Sunday, July 20, 2014

Fundamentals of Computer Communications

In search of fundamentals of computer communications in CIM? This article will be of great help to you. Read it completely to know what all the concepts are there, how the transformation of information in CIM takes place, etc.

Some common terms relating to communications are: Data - entities that covey meaning, Information - the content or interpretation of data, Signals - electric or electromagnetic encoding of data, Signalling - the act of propagating of data by processing of signals

Note that data and information are not the same thing. Data is raw, whereas is processes data. Information displays some useful message, whereas data merely contains it. Nonetheless, as is common practiced, this text uses the terms data and interchangeably. In manufacturing, as elsewhere, data and information are generated, collected, manipulated, transmitted, stored, retrieved, plotted, and shared.

Data communication using computers began with minicomputers. Later, when microcomputers became inexpensive and powerful, data communications applications proliferated. In fact, microcomputers were developed with communications in mind. That is obvious from their serial asynchronous communication capability through RS-232 as well as the parallel ports. Despite this standard, however, there are incompatibility problems. RS-232 ports limit the distance between the communicating devices. Paper and magnetic tapes were developed as alternatives to direct online communication. While they are used to move large amounts of data between devices separated by any distance, their drawback is the requirement for physically moving the data.

Regardless of the types of source and destination, the computer or terminal usually serves as a communication link in CIM environments. Consider, for example, the case of a machine tool operator who requires input, say a part program, from the plant host computer. The operator sends a request through the machine control unit (MCU) to the host, which downloads the program. In effect, then, communication between the operator and machine occurs via a computer, the MCU.

As with human conservation, computer communication involves three levels: cognitive, language, and transmission. The cognitive level requires that the devices have enough intelligence to take part in communication. The language level demands that both understand a common language. The transmission level requires a physical mechanism for information transfer. Each of three levels of the sender must be compatible with that of the receiver. Human communication follows some rules (etiquette or protocol). Even when they are broken, they allow communication. For example, a speaker who does not possess high proficiency in English or has a difficult accent can still be understood. The protocols of computer communications do not allow such variations.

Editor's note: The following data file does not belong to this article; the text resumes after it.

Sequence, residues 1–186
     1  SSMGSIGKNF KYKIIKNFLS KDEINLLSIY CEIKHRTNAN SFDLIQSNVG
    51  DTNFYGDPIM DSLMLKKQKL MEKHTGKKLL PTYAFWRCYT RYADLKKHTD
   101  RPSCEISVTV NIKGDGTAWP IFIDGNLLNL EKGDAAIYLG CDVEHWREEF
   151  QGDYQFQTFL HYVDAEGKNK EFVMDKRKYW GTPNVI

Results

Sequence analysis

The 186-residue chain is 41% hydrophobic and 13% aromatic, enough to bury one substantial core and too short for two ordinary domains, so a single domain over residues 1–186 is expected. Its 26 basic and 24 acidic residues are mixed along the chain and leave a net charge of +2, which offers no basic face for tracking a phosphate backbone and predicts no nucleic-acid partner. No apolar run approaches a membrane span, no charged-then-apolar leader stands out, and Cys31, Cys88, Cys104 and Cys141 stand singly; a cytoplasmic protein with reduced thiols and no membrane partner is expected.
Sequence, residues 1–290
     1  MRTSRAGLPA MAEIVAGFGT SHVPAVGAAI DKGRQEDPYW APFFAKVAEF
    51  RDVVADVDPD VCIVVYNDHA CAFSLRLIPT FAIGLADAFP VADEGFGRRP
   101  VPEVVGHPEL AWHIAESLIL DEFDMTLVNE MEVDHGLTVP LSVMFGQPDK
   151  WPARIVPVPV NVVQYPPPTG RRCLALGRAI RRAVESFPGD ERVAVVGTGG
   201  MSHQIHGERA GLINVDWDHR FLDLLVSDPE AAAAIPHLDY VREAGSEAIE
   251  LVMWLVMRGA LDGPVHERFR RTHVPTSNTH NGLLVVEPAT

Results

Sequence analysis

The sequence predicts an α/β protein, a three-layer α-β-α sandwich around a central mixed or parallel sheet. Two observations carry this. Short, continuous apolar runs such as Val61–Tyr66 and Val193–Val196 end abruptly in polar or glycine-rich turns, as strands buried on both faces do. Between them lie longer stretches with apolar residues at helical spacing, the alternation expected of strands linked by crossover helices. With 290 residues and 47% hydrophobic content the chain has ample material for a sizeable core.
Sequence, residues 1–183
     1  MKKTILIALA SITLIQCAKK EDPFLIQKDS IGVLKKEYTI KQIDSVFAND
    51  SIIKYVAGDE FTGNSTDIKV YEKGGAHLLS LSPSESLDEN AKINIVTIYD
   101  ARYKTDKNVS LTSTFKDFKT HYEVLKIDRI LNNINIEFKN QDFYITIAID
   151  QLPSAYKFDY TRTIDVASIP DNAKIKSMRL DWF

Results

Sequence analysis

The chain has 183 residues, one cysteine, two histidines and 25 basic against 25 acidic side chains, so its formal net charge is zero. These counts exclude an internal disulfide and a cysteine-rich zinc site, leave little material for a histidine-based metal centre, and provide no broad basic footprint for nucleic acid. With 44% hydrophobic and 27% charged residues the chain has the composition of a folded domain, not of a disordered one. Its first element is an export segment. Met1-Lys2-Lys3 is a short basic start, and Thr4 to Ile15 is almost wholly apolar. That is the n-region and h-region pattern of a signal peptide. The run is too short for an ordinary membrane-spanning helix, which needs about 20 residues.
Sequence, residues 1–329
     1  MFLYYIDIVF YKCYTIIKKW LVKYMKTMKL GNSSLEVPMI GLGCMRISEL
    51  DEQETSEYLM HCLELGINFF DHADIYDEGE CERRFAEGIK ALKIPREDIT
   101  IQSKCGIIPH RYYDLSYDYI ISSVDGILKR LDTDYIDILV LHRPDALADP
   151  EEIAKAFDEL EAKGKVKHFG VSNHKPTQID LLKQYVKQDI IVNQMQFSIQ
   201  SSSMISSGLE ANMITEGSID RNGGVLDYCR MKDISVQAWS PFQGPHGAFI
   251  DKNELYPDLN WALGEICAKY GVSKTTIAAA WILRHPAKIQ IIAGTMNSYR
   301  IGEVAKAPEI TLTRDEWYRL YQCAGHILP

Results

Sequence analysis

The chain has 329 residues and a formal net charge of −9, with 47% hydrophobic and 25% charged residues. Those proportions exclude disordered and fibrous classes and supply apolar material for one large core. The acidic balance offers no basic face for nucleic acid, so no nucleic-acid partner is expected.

Most computer communications take place in a way similar to communication between two individuals. Communications technology principles are easier to comprehend if we keep  in mind the situation of two persons communicating with each other. Consider, for example, what is happening at this moment between you as a reader and me as a author. Whatever I have to say about communications relating to CIM is here in this page you are reading. We are communicating with each other , albeit in a one-way mode (only from author to reader). In a two-way mode, called bidirectional, the communicating partners or devices change their roles of receiver and transmitter as and when required.

Irrespective of the mode, whether unidirectional or bidirectional, communication between two participants such as persons, computers, machines, or any combination, involves these three components: Transmitter or sender - the source of information, Receiver - the person or device needing the information, Medium - the path through which information flows.

In addition, a language - the protocol - must exist for communications to take place. In our example of communications between you and me, I represent the transmitter, you the receiver, this article the medium, and the English the protocol. The process of transferring information within CIM involves three basic issues: 1. Representation and signalling of data, 2.Medium and 3. Networking of devices which will be later in separate articles.
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